I should preface this review by admitting I’m jealous of Jo Walton. I’m jealous that she reads a book every two or three days. I’m jealous that she has time to actually reread books. I’m jealous that all of this reading and rereading has given her a rich and varied perspective on fantasy literature. I’m jealous that she received a high-profile platform (her posts on the Tor.com blog) to share this perspective. I’m jealous that her pithy and insightful blog posts garnered so much positive attention that Tor collected the best of them into a hardcover book. Not to mention the fact that she’s a brilliant novelist who has won every major award the genre offers.
It feels good to get that off my chest.
Now that I’ve cleared the air, What Makes This Book So Great includes Walton’s best posts from 2008 to 2011. Unlike most book reviews (like the one you’re reading right now), Walton’s pieces here all discuss books that have been out (and even out of print) for some time. Many of them are rather obscure. She has read them all more than once (often a lot more than once). In fact, she frequently discusses how her views on a book change from reading to reading, thus demonstrating the value of rereading old favorites.
As the title makes clear, this is not a book of detached criticism. Every work discussed here is one that struck a nerve with Walton, and her goal is “to turn people on to them.” That doesn’t mean these pieces are all gushingly positive. She points out flaws when she sees them while making the point that these books are nevertheless worth reading (and rereading).
Each of these pieces is clever, insightful and well written. But taken as a whole, the book is unfortunately less than the sum of its parts. These are very good blog posts, but a book is not a blog. As Marshall McLuhan pointed out fifty years ago, the medium in which ideas are transmitted matters.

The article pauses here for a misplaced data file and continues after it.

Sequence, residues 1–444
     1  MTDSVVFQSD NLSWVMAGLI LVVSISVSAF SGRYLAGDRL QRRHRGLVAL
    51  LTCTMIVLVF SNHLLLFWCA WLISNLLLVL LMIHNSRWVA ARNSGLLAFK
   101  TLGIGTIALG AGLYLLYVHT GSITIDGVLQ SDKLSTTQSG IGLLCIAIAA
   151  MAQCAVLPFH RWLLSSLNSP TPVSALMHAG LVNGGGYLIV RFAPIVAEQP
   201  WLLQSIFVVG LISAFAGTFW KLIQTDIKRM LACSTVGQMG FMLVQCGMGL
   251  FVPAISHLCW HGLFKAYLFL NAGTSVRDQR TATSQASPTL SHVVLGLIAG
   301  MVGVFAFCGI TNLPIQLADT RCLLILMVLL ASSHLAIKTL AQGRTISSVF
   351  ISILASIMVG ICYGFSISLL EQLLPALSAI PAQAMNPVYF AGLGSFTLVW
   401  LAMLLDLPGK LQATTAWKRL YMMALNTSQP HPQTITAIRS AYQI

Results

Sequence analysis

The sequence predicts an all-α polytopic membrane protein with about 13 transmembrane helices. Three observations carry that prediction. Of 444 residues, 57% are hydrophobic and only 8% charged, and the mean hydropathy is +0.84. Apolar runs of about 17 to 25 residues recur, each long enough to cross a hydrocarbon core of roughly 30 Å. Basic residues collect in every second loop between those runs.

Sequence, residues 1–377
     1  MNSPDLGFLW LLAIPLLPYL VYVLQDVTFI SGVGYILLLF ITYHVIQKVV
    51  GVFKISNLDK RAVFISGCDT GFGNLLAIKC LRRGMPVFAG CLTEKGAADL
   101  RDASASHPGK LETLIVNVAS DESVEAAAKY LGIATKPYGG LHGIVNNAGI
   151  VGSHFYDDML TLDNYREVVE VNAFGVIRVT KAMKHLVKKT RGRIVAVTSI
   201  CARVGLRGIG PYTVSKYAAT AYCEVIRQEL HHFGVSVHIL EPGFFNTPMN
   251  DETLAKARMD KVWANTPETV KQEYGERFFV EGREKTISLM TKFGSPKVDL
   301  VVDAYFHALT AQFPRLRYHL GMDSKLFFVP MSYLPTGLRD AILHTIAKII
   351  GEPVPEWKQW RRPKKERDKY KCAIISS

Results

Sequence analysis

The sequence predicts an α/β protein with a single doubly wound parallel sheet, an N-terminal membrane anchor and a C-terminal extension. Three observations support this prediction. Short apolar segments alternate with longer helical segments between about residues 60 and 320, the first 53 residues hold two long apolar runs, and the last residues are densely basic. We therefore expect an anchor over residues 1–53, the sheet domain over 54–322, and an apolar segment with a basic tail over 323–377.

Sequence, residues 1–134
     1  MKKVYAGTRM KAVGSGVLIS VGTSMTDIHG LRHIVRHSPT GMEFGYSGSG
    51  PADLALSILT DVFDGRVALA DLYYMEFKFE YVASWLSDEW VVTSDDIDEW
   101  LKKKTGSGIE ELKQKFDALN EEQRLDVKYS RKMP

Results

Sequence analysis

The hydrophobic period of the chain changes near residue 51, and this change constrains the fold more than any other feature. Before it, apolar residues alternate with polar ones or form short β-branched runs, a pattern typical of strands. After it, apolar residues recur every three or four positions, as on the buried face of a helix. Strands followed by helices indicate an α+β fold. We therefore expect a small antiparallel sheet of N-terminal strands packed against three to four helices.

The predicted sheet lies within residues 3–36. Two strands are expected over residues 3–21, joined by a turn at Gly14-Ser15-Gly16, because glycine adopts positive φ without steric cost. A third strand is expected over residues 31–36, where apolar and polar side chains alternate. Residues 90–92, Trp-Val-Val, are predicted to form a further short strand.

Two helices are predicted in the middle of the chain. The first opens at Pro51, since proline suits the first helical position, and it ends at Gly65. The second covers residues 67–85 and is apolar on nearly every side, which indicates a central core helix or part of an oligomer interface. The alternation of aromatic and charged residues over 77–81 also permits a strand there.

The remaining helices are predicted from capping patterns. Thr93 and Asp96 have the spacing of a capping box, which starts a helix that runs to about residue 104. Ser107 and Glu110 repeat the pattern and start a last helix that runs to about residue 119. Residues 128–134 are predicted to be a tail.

If asked to review Walton’s blog on Tor.com, I would have nothing bad to say about it. Her approach is perfect for the medium of blogging. Each post is the right length to maintain a web-surfer’s attention. She links to relevant websites and articles. She engages in dialogue with her readers in the comments section. I encourage anyone with an interest in fantasy literature to start following Walton’s posts at Tor.com.
But I can’t recommend shelling out $26.99 for the same material that’s available online for free. It’s not just a question of value. Blogs do things that books can’t. And good books do things that blogs can’t.
For one thing, books allow for deeper reflections than our short online attention spans allow. In book form, these posts just zip by. It is not as if Walton had little to say. At one point, the collection includes fifteen consecutive posts on the work of Lois McMaster Bujold. This was a missed opportunity for Walton to work these somewhat disjointed thoughts into a lengthy meditation. Had her thoughts been presented as a chapter instead of fifteen posts, she would have taken advantage of the book form.
Even if those posts weren’t going to be rewritten into chapters, they could have at least been organized by topic instead of date of original publication. For example, every hundred pages or so, the book includes a piece on Robert Heinlein. The strict fidelity to the original blog makes this book seem like little more than a hard copy backup.
What Makes This Book So Great puts me in a strange position. I enjoyed reading Walton’s ruminations on her favorite books. She’s written a near-perfect blog. But a blog is not a book. By failing to adapt her pieces into the appropriate medium, she doesn’t give the reader much of a reason to turn off the screen and pull this book off the shelf.